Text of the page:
Our plan is simple and important. We will initiate discussion threads on the Facebook site https://www.facebook.com/ClearingThePath. We invite all involved in the movement to bring forward feedback, critiques, and your ideas on how we can address what exists. Furthermore -- we seek to identify those who are passionate and committed to this work to be a part of live streamed round tables. We will invite all to participate in open and transparent live streamed dialogue to access these discussions. The conversations and insight gathered will be documented and published through creative means and posted on the internet.
Ian Ki’laas Caplette, Gisbutwaada House of Gamiyaam, Gitendau Tsimshian
Daniel-Léo Richard, Two-Spirit of Mi’kmaq, Huron, French & Norwegian Descent
Jessica Gordon, Cree/Anishnabe. Treaty 4 Territory Pasqua First Nation
Khelsilem Rivers, Sḵwx̱wú7mesh/Kwakwa̱ka̱’wakw
Nina Wilson, Nakota/Dakota/Cree
We extend an invitation to you to participate in an important conversation about the future of our work together... Our purpose is simple and important: to heal and repair relationships.
Canada's premiers are backing a call by aboriginal leaders to launch a national public inquiry into the case of missing or murdered aboriginal women, CBC News has learned.
"The premiers at the table agreed to support the call of the Native Women's Association of Canada for a national public inquiry on this very, very important issue," Ontario Premier Kathleen Wynne said.
A delegation of First Nations, Inuit and Métis leaders met with Canada's premiers this afternoon ahead of a two-day summit of the Council of the Federation in Niagara-on-the-Lake, Ont. that begins Thursday.Read more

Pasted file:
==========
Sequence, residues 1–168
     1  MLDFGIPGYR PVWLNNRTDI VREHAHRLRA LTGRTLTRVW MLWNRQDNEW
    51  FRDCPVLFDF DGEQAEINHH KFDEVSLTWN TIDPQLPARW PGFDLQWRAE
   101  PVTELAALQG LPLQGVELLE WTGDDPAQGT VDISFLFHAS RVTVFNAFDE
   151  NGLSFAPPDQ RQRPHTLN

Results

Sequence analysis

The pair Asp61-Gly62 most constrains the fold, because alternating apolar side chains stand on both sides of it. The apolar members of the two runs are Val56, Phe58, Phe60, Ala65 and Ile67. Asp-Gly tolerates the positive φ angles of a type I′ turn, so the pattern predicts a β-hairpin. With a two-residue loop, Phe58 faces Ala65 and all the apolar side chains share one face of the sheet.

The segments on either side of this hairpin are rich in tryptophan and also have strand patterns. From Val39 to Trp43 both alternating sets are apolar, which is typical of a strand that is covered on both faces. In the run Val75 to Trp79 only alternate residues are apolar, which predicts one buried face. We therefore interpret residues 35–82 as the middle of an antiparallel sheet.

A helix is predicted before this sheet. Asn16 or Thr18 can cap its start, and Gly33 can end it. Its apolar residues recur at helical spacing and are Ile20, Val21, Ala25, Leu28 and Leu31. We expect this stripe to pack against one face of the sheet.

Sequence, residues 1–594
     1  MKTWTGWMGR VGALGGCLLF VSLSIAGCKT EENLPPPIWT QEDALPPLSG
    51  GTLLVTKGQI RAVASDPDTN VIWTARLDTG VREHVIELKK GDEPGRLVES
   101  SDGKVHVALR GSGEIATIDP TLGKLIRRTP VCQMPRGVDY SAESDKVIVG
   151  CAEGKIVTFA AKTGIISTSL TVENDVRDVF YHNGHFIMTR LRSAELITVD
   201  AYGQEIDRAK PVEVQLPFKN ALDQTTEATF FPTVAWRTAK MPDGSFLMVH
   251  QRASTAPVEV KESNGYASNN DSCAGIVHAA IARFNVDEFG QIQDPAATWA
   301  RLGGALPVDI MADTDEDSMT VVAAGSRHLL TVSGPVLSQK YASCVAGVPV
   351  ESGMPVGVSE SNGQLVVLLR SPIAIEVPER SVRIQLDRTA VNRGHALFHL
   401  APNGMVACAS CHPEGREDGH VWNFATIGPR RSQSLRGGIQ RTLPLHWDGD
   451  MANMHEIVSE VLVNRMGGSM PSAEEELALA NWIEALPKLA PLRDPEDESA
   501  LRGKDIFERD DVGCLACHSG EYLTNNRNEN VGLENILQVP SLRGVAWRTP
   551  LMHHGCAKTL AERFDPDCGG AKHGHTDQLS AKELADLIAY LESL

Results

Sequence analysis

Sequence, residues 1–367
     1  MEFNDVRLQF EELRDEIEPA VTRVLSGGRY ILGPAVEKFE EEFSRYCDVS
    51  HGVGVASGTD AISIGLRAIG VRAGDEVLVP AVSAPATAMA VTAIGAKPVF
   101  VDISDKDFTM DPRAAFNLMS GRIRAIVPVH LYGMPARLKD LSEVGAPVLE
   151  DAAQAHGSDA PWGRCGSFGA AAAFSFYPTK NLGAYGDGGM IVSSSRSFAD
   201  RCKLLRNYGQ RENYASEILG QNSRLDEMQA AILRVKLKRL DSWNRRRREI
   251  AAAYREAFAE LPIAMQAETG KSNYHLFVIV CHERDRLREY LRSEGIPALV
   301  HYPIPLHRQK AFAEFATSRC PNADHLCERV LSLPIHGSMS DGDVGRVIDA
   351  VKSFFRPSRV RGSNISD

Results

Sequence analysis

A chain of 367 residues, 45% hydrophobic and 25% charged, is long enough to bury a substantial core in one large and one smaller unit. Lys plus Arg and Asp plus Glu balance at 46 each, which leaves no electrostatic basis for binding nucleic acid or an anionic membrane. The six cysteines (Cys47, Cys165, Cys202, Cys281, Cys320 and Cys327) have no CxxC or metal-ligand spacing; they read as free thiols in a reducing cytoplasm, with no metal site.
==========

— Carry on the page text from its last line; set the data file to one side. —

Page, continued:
Over the last few weeks you and thousands of other Idle No More supporters signed-up with your email address to receive updates and info about Idle No More actions and events. We continue to be amazed and humbled by our Peoples awakening and want to thank you for taking action. We recognize and honor you for being among the many who are just getting involved or are among the many who have been taking political action for years.Read more
Canadians from many cultural communities call on Feds to #HonourTheApology to Residential School Survivors
ACROSS CANADA (Venues below) - Today, Canadians, newcomers, First Nations, Métis, and Inuit peoples from all walks of life and religious denominations will reflect upon the impacts of Canada’s residential schools in a national moment of silence, prayer, and commemoration. They are calling on the federal government to release all documents pertaining to the residential schools in Canada to the Truth and Reconciliation Commission IMMEDIATELY, commission a national inquiry into the biomedical experiments on First Nations communities, and to work toward the end of continued violence toward Indigenous peoples in Canada.Read more
Miles Howe - Halifax Media Co-op
Nightfall finds unknown number of activists still in woods along SWN's woodland testing line.
The Canadian Press -
The Canadian government says it's appalled to hear hungry aboriginal children and adults may have been used as unwitting subjects in nutritional experiments by federal bureaucrats.
Recently published research by food historian Ian Mosby has revealed details about one of the least-known but perhaps most disturbing aspects of government policy toward aboriginal people immediately after the Second World War.
"It was experiments being conducted on malnourished aboriginal people," Mosby, a post-doctoral fellow in history at the University of Guelph, told CBC's As It Happens program on Tuesday.Read more
By Martin Lukacs hosted by the Guardian
At the root of the explosion is deregulation and an energy rush driving companies to take ever greater risks
FOR IMMEDIATE RELEASE: ACFN disappointed by JRP’s initial approval of Shell tar sands mine expansion; expects mitigation and accommodation to be in place prior to further approvals for the expansion
July 9, 2013 Fort McMurray, AB— Quick on the heels of oil washing up on the shores of Ft. Chipewyan and a 100 km long slick along the Athabasca River, the Athabasca Chipewyan First Nation (ACFN) is disappointed by the recent decision by the Joint Review Panel (JRP) to recommend Shell’s Jackpine mine expansion project go forward, despite a Panel acknowledging, for the first time, the significant adverse impacts tar sands have on Aboriginal rights and cultures.Read more